This algebra describes particles that obey Fermi-Dirac statistics, or fermions.

    Finally, we have to determine the constant of proportionality for the creation and annihilation operators. We have already required that \(\hat{a}_{j} \hat{a}_{k}^{\dagger}|\varnothing\rangle=\delta_{j k}|\varnothing\rangle\). To determine the rest, we consider a new observable that gives us the total number of particles in the system. We denote this observable by \(\hat{n}\), and we see that it must be additive over all particle numbers for the different eigenvalues of \(A\):

    \[\hat{n}=\sum_{j} \hat{n}_{j},\label{8.31}\]

    where \(\hat{n}_{j}\) is the number of particles in the eigenstate \(\left|a_{j}\right\rangle\). The total number of particles does not change if we consider a different observable (although the distribution typically will), so this relation is also true when we count the particles in the states \(\left|b_{j}\right\rangle\). Pretty much the only way we can achieve this is to choose

    \[\hat{n}=\sum_{j} \hat{n}_{j}=\sum_{j} \hat{a}_{j}^{\dagger} \hat{a}_{j}=\sum_{j} \hat{b}_{j}^{\dagger} \hat{b}_{j}.\label{8.32}\]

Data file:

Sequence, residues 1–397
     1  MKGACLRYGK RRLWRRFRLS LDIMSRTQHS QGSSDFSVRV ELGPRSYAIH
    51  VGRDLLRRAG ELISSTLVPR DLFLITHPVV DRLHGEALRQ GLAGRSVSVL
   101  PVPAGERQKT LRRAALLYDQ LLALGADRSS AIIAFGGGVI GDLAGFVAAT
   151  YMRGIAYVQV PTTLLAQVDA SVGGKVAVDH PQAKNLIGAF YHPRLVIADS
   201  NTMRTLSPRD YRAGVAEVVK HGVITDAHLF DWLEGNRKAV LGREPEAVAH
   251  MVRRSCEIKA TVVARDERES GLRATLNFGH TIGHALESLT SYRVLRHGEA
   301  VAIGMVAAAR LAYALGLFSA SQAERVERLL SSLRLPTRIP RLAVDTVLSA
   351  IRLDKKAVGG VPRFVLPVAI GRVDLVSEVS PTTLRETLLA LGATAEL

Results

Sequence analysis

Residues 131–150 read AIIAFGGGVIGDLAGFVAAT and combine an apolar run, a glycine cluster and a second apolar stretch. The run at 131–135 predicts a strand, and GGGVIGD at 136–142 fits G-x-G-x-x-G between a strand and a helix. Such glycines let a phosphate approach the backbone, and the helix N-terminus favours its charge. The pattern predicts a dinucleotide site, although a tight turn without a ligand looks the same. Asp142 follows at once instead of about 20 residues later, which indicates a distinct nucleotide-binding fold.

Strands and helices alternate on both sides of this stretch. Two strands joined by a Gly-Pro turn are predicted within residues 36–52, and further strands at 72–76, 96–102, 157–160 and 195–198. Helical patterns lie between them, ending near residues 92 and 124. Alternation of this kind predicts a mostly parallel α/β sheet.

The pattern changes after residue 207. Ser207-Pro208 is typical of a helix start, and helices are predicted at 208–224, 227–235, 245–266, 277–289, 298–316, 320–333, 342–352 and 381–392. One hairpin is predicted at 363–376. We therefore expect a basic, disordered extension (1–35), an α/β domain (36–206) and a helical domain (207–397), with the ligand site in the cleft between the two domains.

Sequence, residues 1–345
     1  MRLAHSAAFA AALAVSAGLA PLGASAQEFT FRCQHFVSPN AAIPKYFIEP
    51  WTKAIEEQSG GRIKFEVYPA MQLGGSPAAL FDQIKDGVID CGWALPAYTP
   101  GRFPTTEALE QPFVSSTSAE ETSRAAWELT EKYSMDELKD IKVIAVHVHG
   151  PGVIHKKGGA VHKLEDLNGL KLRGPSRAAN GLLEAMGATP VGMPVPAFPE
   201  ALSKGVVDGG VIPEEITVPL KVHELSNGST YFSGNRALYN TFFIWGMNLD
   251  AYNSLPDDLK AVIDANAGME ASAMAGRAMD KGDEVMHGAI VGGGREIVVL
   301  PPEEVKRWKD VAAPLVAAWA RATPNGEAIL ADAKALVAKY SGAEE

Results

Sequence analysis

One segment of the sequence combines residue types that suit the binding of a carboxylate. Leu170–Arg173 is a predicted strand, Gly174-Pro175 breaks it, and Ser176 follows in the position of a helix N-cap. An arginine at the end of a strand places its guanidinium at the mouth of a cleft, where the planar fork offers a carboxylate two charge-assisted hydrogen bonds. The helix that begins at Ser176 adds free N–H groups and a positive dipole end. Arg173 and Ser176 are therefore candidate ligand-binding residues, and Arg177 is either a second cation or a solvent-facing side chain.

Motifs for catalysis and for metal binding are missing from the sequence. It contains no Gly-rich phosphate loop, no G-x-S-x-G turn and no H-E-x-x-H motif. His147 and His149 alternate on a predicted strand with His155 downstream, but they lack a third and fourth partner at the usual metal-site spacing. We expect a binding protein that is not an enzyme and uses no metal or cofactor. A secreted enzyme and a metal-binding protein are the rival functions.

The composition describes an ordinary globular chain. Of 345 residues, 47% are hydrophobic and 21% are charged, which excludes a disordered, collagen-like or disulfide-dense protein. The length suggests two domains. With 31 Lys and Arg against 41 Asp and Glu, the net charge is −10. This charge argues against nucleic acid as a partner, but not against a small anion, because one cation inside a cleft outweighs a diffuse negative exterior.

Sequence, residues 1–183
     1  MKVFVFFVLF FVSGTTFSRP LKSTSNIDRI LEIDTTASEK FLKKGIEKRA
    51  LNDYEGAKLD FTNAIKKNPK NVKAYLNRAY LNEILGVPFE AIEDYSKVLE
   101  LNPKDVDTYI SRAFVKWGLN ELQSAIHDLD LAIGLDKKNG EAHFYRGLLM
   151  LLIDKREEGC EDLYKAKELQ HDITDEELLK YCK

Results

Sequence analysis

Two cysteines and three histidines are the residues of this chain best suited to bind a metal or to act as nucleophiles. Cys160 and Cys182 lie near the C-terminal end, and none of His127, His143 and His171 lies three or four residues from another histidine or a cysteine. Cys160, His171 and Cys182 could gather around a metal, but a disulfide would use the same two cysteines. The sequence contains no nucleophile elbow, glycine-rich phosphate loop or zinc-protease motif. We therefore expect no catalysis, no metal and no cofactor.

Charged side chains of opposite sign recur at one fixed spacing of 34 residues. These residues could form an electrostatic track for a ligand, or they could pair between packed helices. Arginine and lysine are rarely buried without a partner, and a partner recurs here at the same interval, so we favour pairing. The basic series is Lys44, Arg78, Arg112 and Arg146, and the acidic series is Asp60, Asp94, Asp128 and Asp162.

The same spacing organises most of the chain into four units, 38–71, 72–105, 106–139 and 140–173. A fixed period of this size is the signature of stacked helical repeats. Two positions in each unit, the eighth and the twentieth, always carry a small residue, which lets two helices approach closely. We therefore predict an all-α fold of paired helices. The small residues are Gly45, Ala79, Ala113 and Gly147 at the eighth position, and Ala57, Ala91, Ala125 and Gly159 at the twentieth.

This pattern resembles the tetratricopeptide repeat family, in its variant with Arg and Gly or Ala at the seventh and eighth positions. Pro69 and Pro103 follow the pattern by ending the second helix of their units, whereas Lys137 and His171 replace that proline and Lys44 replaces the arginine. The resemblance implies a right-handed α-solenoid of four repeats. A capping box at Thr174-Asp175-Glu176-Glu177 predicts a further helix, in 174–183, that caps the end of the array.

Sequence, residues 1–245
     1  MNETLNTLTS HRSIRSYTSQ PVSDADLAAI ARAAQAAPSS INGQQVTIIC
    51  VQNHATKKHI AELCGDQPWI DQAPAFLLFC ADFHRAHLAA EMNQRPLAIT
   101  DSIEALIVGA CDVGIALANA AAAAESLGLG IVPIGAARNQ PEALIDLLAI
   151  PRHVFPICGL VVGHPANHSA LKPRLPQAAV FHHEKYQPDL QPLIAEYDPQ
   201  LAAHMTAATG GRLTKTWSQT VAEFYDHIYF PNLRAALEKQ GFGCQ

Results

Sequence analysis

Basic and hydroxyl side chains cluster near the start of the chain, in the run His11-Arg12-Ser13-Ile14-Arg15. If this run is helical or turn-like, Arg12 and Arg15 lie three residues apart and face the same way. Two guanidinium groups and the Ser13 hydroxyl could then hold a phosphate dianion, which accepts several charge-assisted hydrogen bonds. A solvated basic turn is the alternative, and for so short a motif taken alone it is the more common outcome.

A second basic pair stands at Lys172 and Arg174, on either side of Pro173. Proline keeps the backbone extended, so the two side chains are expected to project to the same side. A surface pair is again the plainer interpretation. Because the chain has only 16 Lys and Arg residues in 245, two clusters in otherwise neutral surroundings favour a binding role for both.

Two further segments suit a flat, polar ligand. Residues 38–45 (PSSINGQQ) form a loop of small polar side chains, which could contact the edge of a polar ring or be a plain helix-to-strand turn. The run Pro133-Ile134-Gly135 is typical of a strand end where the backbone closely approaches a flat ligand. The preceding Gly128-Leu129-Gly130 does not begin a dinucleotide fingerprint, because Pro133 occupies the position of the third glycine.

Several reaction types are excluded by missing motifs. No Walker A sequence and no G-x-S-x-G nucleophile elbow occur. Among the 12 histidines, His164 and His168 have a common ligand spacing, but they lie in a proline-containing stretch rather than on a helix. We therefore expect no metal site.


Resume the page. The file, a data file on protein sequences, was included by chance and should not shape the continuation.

For the case of \(n_{j}\) particles in state \(\left|a_{j}\right\rangle\) this gives

    \[\hat{a}_{j}^{\dagger} \hat{a}_{j}\left|n_{j}\right\rangle=n_{j}\left|n_{j}\right\rangle,\label{8.33}\]

    where we ignored the particles in other states \(\left|a_{k}\right\rangle\) with \(k \neq j\) for brevity. For the Bose-Einstein case this leads to the relations

    \[\hat{a}_{j}\left|n_{j}\right\rangle=\sqrt{n_{j}}\left|n_{j}-1\right\rangle \quad \text { and } \quad \hat{a}_{j}^{\dagger}\left|n_{j}\right\rangle=\sqrt{n_{j}+1}\left|n_{j}+1\right\rangle.\label{8.34}\]

    For Fermi-Dirac statistics, the action of the creation and annihilation operators on number states becomes

    \[\begin{array}{lll}
    \hat{a}_{j}|0\rangle_{j}=0 & \text { and } & \hat{a}_{j}^{\dagger}|0\rangle_{j}=e^{-i \alpha}|1\rangle_{j}, \\
    \hat{a}_{j}|1\rangle_{j}=e^{i \alpha}|0\rangle_{j} & \text { and } & \hat{a}_{j}^{\dagger}|1\rangle_{j}=0.
    \end{array}\label{8.35}\]

    The phase factor \(e^{i \alpha}\) can be chosen \(\pm 1\).